A Soft Bed of Stones by Sharon Whitehill

Water's rigid as pavement

when struck by a hurtling object.

A storm-driven feather

punctures the trunk of an oak,

and flexible saplings split

in an assault made of wind.

Paper, smooth to the unwary touch,

slices through calloused skin.

Gentle rain eats away at cement.

Sponge-soft fungi penetrate rock,

digest radioactive leftovers.

Even the hardest of diamonds is porous

in its molecular spaces.

In the dynamics of human behavior

mild emotions conquer fierce logic

as weakness manipulates strength.

Belief shows itself more unyielding

than the data-based facts of hard science.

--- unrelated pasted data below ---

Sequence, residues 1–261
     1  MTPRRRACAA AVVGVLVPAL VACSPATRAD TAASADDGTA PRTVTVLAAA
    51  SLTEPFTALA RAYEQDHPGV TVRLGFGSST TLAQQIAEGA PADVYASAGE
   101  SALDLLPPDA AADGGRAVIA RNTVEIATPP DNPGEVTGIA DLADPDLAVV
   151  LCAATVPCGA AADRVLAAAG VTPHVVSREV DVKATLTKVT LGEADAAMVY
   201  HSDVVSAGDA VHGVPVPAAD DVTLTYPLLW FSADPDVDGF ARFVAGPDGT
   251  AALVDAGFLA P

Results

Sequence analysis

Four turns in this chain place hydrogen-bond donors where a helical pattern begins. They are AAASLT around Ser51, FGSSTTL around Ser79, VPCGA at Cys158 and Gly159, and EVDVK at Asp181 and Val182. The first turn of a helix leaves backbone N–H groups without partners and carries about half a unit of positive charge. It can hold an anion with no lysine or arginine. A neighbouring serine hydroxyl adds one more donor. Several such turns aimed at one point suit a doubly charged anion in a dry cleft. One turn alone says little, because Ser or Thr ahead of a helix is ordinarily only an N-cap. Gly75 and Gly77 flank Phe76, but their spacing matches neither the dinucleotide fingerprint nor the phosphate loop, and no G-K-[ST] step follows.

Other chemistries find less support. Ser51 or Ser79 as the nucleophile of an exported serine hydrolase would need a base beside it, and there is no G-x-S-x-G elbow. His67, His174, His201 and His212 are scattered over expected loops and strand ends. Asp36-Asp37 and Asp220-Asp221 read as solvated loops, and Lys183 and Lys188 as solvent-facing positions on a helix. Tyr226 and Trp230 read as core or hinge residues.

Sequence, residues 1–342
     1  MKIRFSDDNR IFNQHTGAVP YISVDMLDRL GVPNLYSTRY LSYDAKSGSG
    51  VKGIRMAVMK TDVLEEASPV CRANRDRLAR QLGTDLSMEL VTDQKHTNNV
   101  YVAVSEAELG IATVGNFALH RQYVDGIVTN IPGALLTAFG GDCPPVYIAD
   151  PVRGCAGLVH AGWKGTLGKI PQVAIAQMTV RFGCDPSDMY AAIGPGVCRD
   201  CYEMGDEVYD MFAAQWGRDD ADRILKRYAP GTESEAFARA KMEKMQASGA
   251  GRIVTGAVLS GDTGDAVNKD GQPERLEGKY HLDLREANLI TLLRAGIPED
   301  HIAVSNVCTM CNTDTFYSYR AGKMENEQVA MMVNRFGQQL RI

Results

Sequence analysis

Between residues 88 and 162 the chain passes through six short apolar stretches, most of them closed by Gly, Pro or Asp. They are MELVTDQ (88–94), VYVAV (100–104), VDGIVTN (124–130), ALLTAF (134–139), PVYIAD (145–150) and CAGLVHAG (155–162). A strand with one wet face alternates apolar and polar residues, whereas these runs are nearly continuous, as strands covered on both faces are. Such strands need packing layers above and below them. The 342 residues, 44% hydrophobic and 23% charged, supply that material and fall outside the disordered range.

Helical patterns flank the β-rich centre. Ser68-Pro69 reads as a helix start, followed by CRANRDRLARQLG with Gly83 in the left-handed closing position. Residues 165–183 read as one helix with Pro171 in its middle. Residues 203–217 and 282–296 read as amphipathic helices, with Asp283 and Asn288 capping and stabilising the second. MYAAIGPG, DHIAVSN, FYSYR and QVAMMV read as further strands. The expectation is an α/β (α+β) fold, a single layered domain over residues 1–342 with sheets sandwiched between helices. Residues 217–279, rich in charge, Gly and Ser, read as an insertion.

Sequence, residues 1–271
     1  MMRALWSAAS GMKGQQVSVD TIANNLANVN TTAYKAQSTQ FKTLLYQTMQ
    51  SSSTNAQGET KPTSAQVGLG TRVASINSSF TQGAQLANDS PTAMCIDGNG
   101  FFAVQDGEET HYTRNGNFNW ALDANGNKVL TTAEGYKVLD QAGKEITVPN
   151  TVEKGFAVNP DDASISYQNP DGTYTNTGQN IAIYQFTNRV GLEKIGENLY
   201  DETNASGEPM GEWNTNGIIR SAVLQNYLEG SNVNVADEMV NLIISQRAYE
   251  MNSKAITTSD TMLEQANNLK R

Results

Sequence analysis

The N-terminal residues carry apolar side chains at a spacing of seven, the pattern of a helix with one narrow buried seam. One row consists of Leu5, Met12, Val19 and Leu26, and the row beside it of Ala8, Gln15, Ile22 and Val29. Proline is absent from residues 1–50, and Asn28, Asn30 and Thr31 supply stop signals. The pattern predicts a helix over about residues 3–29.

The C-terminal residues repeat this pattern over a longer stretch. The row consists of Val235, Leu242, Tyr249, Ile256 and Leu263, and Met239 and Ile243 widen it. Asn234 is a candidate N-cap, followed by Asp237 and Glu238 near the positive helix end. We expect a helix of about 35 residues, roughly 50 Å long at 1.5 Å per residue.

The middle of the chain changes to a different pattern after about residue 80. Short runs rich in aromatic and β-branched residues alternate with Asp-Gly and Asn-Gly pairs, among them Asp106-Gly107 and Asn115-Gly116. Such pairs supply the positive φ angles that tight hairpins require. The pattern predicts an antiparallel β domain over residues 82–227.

Should it be a surprise that St. Stephen,

his eyes lit with fire,

welcomed his soft bed of stones?


Sharon Whitehill writes: I'm a retired English professor from West Michigan now living in Port Charlotte, Florida. In addition to poems published in various literary magazines, my publications include two scholarly biographies, two memoirs, two poetry chapbooks, and a full collection of poems.

Author's note

Though I'm a lifelong (Unitarian Universalist) atheist, I've done a great deal of study on the early Christian church. St. Stephen in particular stands out from my teenaged reading of Lloyd C. Douglas's The Robe, which effected a brief conversion in me. I was so moved by its description of the stoning of Stephen, how he reacted almost with joy at his own death, that I never forgot it. And as I was looking for examples of deceptively hard things that are soft and vice versa, that scene jumped right back into my mind.